Multiple global climate models suggest that the Canadian Prairies will experience temperature increases due to climate warming. This could influence pasture and grazing production. Three climate scenarios CGCM2 A21, CSIROMk2 B11 and HadCM3 A21 were used to predict daily weather data to 2099 and incorporated into the GrassGro decision support tool to project pastoral production during 30-year increments, 2010 to 2099. Simulations were compared with the World Meterological Organization baseline years, 1961-1990 at two sites (Saskatoon and Melfort) and two soil textures (loam topsoil / loam subsoil and sandy-loam / sandy-clay-loam). Two tame grasses [crested wheatgrass (CWG; <i>Agropyron cristatum</i>) and hybrid bromegrass (HBG; <i>Bromus inermis x Bromus riparius</i>) and a mixed native pasture (<i>Festuca hallii; Elymus lanceolatus; Pascopyrum smithii; Nassella viridula</i>) were studied at each location.<p> Soil moisture was greater for loam/loam than sandy-loam/sandy-clay-loam resulting in more plant available moisture in all climate scenarios at both locations. However, plant available moisture alone was unable to explain changes in pasture dry matter (DM) production. The results projected from CGCM2 A21 were more favorable to plant and livestock production than those of CSIROMk2 B11 and HadCM3 A21. CGCM2 A21 simulated increases in mean DM production of HBG at both locations during spring each 30-yr period (P<0.05) but an overall decline (P<0.05) in mean average daily gain (ADG) of steers at Melfort, whereas at Saskatoon there was an increase in ADG (P<0.05). CWG decreased in DM production at Melfort during summer and increased at Saskatoon with CGCM2 A21 but there was an overall decrease in ADG of steers during each 30-yr period relative to baseline. It was concluded that HBG was better able to stabilize production under various future climatic conditions than CWG. There was a shift in species dominance from <i>Festuca hallii</i> to <i>Elymus lanceolatus</i> in the mixed native pasture at both locations associated with the increase in summer temperatures. This suggests that various grass species may respond differently to climate change.These results indicate that climate change will cause significant changes in soil moisture, productivity and quality of tame pastures, liveweight of grazing cattle and species composition of native pasture.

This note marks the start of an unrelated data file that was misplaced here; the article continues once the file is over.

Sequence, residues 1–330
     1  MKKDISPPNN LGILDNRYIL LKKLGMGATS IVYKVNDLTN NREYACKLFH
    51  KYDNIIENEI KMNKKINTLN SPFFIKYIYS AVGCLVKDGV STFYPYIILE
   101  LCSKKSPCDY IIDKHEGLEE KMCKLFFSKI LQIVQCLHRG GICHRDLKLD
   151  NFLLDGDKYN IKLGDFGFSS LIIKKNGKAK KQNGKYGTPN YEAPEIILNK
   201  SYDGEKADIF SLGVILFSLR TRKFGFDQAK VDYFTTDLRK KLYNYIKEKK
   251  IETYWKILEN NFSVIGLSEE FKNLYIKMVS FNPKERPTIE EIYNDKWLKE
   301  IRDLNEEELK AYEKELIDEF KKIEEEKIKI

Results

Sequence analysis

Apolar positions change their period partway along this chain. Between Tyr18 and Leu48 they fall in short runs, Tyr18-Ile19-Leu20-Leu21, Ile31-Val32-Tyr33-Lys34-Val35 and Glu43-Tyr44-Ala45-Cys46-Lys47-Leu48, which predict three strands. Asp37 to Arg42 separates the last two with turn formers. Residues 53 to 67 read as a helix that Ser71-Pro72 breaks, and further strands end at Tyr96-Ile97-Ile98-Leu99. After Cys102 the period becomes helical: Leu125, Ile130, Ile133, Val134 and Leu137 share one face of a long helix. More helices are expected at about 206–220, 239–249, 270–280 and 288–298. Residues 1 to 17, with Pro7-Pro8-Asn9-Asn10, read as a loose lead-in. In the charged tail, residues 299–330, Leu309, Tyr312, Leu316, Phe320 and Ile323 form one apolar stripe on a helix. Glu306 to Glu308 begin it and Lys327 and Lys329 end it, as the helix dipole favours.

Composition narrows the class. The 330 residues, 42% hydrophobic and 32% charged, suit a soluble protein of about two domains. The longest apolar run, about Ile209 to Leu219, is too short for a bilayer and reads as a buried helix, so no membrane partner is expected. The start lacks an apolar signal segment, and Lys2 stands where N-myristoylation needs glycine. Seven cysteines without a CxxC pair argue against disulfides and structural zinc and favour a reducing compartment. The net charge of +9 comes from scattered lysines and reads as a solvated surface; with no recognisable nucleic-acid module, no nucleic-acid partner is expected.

9

Energy and Momentum Consistency in Subgrid-scale Parameterization for Climate Models

Shaw, Tiffany A. 23 February 2010 (has links)